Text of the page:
I have a Lorentzian frequency distribution

$F(w) = \frac{1+iz}{1+z^2}$


$z = \frac{w-\Omega}{R}$

With $\Omega$ being the peak frequency and R the decay constant. I know that analytically the Fourier transform should be

$F(t) = exp(i\Omega 2\pi t)exp(-Rt)$

When i take the FFT of this expression, it doesn't return the original frequency plot. I understand that there may be a scaling factor (1/n) that should be in there somewhere, but even when i scale for one frequency, if i then change $\Omega$ or R, the amplitude is no longer scaled properly, suggesting that the scaling factor is a function of $\Omega$ and/or R. The FFT also seems to be mirrored along the intensity axis.

I'm fairly new to DSP, but i do understand that the continuous fourier transform is not the discrete fourier transform. I've read this (https://dspillustrations.com/pages/posts/misc/approximating-the-fourier-transform-with-dft.html) but that approach makes the approximation worse.

I'd like to return the original frequency distribution when i take the FFT of my time signal. Am i missing something fundamental or is it a fairly simple scaling error? I've attached my code below.


# R script to compare FFT and Analytical fourier transform

# Frequency and time axes
n <- 100
f <- seq(0, 1, length.out = n)
t <- seq(0, n, length.out = n)

# peak paramaters 
O <- 0.3 # Frequency values from 0->1
R <- 0.04 # Decay in arbritrary units

z <- (f-O)/R

# The original lorentzian frequency 
ff <-complex(re = 1, im = z)/(1 + z^2)

# creating the time domain signal
ftideal <- exp(-R*t)*exp(complex(i = (O)*2*pi*t))

unscaled <- (fft(ftideal))
scaled <- unscaled - min(Re(unscaled))

plot(f, Re(ff), type = 'l')
lines(f, Re(scaled), type = "l", col = 'red')


1 Answer 1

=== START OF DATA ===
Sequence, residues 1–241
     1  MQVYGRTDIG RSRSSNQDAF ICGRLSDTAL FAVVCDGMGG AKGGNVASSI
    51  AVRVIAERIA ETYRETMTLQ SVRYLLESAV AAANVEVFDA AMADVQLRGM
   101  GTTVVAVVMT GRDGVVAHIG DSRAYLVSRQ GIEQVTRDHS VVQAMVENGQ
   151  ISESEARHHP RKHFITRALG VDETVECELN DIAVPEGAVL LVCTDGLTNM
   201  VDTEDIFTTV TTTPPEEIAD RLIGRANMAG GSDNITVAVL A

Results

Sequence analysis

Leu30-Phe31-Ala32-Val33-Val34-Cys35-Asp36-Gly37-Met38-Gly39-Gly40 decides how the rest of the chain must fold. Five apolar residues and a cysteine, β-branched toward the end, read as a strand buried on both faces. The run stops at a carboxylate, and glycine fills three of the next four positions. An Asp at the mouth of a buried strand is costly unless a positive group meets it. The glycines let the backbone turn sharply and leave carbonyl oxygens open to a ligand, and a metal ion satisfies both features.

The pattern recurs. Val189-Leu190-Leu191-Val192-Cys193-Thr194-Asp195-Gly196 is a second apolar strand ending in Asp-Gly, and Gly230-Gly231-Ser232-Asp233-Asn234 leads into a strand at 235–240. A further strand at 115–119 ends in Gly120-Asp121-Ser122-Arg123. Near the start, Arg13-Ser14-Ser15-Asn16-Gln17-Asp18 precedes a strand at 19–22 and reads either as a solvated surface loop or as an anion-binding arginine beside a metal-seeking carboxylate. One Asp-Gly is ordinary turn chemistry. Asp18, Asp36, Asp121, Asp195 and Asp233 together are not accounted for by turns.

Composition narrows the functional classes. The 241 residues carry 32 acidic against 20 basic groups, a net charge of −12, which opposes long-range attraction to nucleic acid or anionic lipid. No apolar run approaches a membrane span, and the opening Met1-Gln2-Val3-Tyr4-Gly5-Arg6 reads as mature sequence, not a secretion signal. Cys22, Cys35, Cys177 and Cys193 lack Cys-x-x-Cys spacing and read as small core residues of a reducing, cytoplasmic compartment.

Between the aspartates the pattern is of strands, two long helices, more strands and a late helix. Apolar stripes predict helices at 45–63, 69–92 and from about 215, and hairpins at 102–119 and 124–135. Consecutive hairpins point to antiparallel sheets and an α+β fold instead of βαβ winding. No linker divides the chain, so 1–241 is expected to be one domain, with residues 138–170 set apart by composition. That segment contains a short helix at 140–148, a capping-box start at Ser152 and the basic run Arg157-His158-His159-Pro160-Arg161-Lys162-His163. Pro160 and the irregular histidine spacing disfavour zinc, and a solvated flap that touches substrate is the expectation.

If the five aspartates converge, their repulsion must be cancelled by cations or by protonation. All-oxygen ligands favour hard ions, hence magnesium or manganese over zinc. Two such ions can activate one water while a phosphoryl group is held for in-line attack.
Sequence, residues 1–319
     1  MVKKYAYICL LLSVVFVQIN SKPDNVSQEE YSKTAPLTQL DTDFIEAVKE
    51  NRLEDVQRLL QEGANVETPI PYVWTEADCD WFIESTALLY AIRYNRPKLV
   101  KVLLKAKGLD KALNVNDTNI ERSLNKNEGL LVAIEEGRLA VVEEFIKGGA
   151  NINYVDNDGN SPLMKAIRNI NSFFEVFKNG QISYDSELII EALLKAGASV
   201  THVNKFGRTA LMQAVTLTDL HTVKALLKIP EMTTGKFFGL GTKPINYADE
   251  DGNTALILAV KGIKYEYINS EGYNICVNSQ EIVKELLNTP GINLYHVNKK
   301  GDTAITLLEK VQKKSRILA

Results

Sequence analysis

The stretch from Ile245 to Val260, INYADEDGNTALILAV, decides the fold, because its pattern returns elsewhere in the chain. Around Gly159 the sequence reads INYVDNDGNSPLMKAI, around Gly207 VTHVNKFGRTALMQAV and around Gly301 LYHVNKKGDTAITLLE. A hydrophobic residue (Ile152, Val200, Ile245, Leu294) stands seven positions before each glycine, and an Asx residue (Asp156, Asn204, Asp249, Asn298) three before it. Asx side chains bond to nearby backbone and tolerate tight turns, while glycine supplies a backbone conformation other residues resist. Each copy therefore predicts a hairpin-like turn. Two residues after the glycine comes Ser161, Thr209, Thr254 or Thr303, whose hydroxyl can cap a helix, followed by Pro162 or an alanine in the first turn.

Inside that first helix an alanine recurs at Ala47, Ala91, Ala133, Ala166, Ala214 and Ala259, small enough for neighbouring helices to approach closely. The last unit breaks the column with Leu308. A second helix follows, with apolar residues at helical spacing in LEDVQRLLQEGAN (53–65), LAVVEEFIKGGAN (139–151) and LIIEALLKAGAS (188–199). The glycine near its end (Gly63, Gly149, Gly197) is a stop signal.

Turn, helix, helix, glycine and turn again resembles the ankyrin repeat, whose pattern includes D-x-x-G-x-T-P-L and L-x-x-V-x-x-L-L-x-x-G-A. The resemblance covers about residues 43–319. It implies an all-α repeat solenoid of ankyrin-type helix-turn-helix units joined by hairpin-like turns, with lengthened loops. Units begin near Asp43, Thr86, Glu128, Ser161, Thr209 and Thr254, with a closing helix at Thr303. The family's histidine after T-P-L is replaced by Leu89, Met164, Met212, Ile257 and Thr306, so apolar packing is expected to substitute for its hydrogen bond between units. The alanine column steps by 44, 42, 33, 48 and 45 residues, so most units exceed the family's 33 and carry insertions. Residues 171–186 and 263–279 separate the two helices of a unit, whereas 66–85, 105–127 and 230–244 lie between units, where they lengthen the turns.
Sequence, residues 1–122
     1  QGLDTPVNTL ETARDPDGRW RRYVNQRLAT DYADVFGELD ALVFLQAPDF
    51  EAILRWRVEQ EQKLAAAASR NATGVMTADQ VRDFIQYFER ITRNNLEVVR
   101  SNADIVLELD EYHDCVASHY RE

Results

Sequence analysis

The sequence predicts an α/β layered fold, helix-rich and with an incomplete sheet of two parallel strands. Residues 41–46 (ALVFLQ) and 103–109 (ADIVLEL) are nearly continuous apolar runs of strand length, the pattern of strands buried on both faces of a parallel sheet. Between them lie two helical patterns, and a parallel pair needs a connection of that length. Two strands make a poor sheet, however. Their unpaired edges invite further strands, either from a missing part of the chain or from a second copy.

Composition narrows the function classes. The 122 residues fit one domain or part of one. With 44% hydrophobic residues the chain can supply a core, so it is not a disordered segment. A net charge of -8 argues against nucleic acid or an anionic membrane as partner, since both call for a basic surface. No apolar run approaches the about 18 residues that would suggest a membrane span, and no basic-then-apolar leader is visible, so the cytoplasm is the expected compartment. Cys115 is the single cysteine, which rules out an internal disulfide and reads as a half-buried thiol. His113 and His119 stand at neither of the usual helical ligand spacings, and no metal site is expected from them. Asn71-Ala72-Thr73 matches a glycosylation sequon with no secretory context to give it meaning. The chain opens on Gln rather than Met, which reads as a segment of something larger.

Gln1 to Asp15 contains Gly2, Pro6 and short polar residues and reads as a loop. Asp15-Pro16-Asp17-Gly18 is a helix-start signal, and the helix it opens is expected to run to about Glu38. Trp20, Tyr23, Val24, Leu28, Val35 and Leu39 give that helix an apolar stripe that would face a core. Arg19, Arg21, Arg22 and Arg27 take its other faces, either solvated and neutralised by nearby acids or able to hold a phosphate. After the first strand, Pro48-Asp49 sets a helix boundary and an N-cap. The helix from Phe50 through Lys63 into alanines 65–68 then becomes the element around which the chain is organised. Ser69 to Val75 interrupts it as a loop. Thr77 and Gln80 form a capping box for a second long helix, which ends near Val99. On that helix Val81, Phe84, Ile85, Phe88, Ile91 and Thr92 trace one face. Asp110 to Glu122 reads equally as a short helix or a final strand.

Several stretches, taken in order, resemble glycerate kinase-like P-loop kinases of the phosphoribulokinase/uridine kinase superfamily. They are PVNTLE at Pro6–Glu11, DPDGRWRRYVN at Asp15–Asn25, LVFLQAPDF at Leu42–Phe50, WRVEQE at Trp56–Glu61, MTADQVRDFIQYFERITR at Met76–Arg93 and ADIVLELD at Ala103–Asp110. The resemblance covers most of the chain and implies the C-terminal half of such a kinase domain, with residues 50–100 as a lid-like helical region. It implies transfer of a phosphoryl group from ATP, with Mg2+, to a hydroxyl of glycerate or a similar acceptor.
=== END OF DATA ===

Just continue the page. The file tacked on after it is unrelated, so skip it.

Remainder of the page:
First of all, take a look at this very related question and its answer(s). Second, your analytic solution is wrong, so it's no surprise that you don't see the correct result.

The time domain function

$$x(t)=e^{j2\pi f_0t}e^{-Rt}\tag{1}$$

has the following Fourier transform:


Also, scaling should be multiplicative and not additive (unless you're in the logarithmic domain), and you should also not only look at the real parts of complex-valued functions.

As explained in this answer, approximating the CTFT by the DFT usually results in two types of errors: the truncation error (due to truncation of the time domain function), and the aliasing error (due to sampling the time domain function). These errors can be made small by choosing a large sampling frequency and a large DFT length.

Below is an example code in Octave/Matlab showing how the CTFT of the given function can be approximated by the DFT:

F0 = 0.3;
R = 0.04;

Fs = 30;            % sampling frequency
Ts = 1/Fs;
Tmax = 100;         % length of time domain signal
N = round(Tmax/Ts); % DFT length

t = (0:N-1) * Tmax / (N-1);
N2 = round(N/2);
f = (0:N2-1)/N*Fs;

fun = exp(1i*2*pi*F0*t) .* exp(-R*t);

% analytic expression for CTFT
z = 2*pi*(f - F0) / R;
FTfun = (1 - 1i*z) ./ (1 + z.^2) / R;

% DFT approximation of CTFT
FTfun2 = Ts * fft(fun,N);
FTfun2 = FTfun2(1:N2);

    title('magnitudes (dB)'), xlabel('f'), legend('CTFT','DFT'), grid on

enter image description here

  • $\begingroup$ Thanks! I'm interested in recreating both the real and imaginary parts of the lorentzian frequency function separately (i.e real(FTfun), imag(FTfun)), but abs(fft()) takes into account both parts of the fft to create the single lineshape. Is there any way to get both original parts from the fft? $\endgroup$
    – user44238
    Aug 9, 2019 at 3:24

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